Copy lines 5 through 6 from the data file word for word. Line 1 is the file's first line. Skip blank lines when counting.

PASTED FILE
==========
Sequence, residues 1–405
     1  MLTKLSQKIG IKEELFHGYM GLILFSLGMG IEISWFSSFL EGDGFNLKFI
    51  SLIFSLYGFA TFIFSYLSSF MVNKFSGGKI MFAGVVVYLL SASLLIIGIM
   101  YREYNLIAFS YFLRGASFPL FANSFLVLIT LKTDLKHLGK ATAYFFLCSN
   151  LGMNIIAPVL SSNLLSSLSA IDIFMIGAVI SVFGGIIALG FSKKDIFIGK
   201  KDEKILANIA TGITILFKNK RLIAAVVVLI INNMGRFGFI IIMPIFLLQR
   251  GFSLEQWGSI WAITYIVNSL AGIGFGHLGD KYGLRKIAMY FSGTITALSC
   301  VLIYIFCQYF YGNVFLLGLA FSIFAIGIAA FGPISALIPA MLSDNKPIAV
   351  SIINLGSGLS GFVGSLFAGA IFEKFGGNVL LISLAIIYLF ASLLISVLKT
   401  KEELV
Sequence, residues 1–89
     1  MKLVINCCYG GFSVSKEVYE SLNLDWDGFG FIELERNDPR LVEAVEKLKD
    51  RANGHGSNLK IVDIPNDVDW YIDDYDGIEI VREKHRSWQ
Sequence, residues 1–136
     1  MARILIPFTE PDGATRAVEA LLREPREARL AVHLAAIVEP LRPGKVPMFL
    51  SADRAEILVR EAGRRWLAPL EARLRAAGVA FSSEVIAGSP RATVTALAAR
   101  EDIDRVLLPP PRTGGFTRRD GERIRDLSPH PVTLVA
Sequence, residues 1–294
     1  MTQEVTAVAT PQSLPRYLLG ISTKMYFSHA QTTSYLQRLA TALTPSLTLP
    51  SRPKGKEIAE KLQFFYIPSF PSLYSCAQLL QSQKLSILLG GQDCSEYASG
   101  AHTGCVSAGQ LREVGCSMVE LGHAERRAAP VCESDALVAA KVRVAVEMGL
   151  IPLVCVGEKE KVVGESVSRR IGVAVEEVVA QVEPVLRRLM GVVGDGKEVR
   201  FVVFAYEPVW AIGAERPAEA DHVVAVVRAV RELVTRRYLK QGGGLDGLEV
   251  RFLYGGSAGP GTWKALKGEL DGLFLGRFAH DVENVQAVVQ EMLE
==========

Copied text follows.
   151  LGMNIIAPVL SSNLLSSLSA IDIFMIGAVI SVFGGIIALG FSKKDIFIGK
   201  KDEKILANIA TGITILFKNK RLIAAVVVLI INNMGRFGFI IIMPIFLLQR